Biotech Strategy Blog

Commentary on Science, Innovation & New Products with a focus on Oncology, Hematology & Cancer Immunotherapy

Posts tagged ‘microbiome’

Miami Beach

Miami Beach Lifeguard Tower

This week I’ve been at an American Association for Cancer Research (AACR) conference in Miami on “Targeting the Vulnerabilities of Cancer,” part of their Precision Medicine Series (Twitter #AACRpm16).

What’s interesting about AACR small specialist meetings is as well as listening to high quality talks, they create a relaxed atmosphere for networking and catching up with experts informally. The conference this week was relevant to anyone with an interest in cancer drug discovery.

Dr Bernie FoxAlthough cancer immunotherapy remains the hottest topic in cancer drug development, we shouldn’t forget that there are other therapeutic targets worth exploring; several potential new opportunities were highlighted in Miami.

As readers know we don’t share unpublished data on the blog, so what I’ve done is provide a top-line summary of some of the strategic themes and key take homes I took from several of the presentations.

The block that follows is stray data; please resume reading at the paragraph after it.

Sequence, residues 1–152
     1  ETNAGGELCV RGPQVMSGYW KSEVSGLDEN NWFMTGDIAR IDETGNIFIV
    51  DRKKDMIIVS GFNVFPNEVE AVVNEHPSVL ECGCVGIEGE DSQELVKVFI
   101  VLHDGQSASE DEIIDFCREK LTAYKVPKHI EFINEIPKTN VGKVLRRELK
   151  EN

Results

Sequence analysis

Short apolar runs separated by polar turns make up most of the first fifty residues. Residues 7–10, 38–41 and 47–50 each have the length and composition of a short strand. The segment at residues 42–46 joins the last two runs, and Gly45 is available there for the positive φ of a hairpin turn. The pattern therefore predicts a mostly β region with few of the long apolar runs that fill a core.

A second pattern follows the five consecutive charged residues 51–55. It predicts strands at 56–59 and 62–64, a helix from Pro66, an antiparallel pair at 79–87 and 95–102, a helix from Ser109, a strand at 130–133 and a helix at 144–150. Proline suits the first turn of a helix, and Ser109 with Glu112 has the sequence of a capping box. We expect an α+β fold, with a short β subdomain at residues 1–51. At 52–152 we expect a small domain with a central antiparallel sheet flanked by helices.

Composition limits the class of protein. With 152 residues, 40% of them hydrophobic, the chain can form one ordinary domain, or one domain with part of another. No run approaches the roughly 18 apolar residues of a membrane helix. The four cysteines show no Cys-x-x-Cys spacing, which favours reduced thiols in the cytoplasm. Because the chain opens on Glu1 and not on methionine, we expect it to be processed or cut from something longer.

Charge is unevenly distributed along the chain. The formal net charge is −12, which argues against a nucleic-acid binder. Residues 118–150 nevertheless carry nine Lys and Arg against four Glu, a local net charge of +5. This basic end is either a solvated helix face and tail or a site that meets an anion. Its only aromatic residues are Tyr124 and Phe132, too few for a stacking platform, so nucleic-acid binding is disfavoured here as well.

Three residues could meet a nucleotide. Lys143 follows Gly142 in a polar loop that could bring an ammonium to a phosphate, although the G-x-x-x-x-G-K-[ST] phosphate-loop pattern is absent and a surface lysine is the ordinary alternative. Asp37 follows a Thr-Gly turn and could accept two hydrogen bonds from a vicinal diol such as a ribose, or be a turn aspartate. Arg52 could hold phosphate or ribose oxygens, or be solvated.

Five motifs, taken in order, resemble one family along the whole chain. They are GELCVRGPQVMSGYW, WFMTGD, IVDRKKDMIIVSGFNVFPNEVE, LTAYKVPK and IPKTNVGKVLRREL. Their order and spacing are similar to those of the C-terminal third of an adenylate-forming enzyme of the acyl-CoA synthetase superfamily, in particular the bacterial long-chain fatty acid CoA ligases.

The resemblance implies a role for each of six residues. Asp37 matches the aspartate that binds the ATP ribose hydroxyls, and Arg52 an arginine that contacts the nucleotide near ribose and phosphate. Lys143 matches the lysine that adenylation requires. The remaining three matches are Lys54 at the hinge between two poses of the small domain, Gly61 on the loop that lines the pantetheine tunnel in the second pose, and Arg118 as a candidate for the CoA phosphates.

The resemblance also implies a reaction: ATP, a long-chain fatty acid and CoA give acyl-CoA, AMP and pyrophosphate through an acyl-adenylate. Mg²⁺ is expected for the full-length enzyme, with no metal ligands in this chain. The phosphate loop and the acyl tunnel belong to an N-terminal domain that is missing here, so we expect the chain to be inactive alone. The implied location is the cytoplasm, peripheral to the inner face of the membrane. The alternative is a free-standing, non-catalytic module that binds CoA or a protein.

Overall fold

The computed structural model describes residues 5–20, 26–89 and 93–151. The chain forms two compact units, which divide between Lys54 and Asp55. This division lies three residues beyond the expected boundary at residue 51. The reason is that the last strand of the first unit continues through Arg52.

As an aside, If you haven’t already done so, do listen to the latest episode of the Novel Targets podcast – Of Mice and Men – it features excerpts of interviews recorded at the recent AACR annual meeting in New Orleans. I was surprised by some of what I heard!

For more information on forthcoming AACR meetings and workshops, check out the events calendar on the AACR website.

If you would like to read my commentary from the AACR Precision Medicine Conference in Miami on Targeting the Vulnerabilities of Cancer, subscribers can login below or you can purchase access.

In the last of our American Society of Hematology (ASH) 2015 annual meeting previews, we take a broad look at a host of intriguing abstracts in a variety of different topics that haven’t been covered in the rest of the series.

We also take a look a drug that has had a chequered history in the past, namely venetoclax, from the folks at AbbVie and Genentech. Is this a dud destined for dog drug heaven, or will it make a roaring comeback, breathing fresh life into hematologic malignancies such as chronic and acute leukemias, lymphomas and even multiple myeloma?

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